How to get Vitamin D – the most effective way
Vitamin D is crucial for many of our body’s functions, but most of us aren’t getting enough of it.
Vitamin D is probably most well-known as a necessary nutrient for bone health. In the early 19th Century, the link between vitamin D and sunlight was discovered when rickets, a disease that leads to skeletal deformities, was rampant amongst children forced to work indoors in factories for hours and hours a day, with little to no time in the sunlight. The treatment was exposure to ultraviolet light, and over time their rickets would disappear. (SCIENTIFIC ARTICLE FOR MORE INFORMATION)
This and many other discoveries led to vitamin D being named “the sunshine vitamin” because the sun is the best source of this nutrient. Ultraviolet light (UV), a component of sunlight, activates the process by converting a type of cholesterol in our skin into vitamin D3. It enters our bloodstream, passes through our liver and kidneys, and gets converted into metabolites. After they’ve been activated, the vitamin D metabolites go to work helping our bodies absorb necessary minerals, such as calcium and phosphorous from our food, which the body uses to make healthy bones.
Vitamin D also provides other benefits too, such as building a strong immune system and reducing the risk of nearly every known modern chronic disease. More on this in another post…
When is the best time to be in the sun, to gain the most vitamin D?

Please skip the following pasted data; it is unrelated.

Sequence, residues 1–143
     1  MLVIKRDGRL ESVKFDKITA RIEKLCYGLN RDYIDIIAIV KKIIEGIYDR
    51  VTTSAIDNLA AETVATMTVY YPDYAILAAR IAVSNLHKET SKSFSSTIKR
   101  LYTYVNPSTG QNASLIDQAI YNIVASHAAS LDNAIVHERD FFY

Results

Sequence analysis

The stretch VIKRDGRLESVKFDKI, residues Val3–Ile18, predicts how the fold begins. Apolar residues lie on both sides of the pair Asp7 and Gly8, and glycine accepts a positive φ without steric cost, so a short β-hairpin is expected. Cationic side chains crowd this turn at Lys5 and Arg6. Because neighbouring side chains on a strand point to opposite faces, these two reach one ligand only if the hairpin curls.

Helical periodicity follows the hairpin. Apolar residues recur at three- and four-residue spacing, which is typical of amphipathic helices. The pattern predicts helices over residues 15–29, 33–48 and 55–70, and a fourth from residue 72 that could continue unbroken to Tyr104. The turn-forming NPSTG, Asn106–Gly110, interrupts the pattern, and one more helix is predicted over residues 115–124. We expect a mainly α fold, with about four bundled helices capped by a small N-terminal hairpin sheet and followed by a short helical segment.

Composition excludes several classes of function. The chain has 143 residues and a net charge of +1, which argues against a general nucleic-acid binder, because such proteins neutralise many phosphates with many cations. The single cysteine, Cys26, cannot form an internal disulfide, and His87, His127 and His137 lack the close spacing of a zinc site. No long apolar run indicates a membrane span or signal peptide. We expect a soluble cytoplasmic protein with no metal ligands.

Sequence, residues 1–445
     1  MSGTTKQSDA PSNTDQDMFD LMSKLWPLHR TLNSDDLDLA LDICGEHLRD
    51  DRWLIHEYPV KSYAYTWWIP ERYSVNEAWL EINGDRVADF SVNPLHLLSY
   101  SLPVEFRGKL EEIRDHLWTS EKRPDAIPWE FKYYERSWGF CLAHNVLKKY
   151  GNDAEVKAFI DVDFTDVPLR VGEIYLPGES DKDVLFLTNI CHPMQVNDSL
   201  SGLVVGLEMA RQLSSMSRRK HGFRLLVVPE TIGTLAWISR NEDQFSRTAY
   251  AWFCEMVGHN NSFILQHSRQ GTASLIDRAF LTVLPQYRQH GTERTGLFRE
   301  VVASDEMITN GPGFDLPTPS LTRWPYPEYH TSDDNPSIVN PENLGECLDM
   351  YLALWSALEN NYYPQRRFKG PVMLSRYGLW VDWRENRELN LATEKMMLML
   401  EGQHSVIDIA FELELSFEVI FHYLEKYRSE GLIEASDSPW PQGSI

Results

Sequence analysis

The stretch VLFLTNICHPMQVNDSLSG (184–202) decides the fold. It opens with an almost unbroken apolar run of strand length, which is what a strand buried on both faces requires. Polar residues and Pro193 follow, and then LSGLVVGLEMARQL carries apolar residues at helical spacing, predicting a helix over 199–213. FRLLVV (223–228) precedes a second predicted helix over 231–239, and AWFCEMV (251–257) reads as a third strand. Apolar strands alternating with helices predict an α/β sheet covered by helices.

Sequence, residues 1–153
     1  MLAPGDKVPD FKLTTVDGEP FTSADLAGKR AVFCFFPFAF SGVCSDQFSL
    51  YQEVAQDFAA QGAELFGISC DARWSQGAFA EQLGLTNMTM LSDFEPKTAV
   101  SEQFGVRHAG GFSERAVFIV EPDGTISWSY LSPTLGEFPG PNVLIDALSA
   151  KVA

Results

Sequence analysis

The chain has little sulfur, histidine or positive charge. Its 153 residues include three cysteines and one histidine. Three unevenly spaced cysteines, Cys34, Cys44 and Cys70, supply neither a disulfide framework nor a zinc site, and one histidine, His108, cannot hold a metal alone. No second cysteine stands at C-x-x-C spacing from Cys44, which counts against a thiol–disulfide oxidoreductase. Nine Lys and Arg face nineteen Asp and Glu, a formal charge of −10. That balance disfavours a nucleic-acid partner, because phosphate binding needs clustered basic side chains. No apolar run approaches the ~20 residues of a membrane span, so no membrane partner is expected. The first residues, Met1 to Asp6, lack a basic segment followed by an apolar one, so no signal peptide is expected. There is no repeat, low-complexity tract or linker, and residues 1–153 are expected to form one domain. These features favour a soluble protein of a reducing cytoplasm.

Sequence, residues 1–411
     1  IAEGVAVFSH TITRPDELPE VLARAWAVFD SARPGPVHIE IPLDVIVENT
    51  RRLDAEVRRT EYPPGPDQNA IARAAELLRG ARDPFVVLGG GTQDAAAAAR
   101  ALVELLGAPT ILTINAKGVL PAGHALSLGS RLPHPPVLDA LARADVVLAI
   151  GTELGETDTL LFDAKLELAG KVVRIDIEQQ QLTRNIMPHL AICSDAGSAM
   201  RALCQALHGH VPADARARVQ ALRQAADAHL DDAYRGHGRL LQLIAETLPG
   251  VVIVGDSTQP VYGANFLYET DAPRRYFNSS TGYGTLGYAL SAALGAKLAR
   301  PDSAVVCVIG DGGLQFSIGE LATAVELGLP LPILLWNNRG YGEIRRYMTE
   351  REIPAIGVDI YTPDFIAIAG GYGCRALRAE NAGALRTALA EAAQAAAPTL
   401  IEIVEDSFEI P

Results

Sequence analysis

UV light is at its highest levels between 10am to 2pm. This is the ideal time to expose your skin and build up your vitamin D levels but you need to first prepare, to maximize the benefit and minimize the harmful effects of UV. The best way to prepare is to get the morning light. This light stimulates our circadian rhythm, activating all of our organs and bodily systems, and prepares our skin to receive sunlight. Then, when we are in the sun in the middle of the day, for a short period of time, our body is functioning optimally, and the skin is prepared for its UV exposure.
How long should I stay in the sun?
It depends on your skin color. Those with darker skin have higher levels of melanin, therefore greater natural sun protection. But this also means it takes longer for UV to penetrate the skin, requiring more time in the sun to synthesize the same amount of vitamin D as the lighter skin types, who absorb vitamin D faster, but also burn quicker.
For lighter skins, 10 - 20 minutes in midday sun is sufficient to absorb enough vitamin D for the day.
For darker skins, that time is 30 - 40 minutes in the midday sun.
Prepare your skin first
But remember, for best absorption and also safe sun protection, prepare yourself first by getting some early morning sun. And if you want to level up your health…get up earlier and watch the sunrise to reset your circadian rhythm. Not only will this help with increased vitamin D levels, but you’ll sleep better and have more energy to take on the day.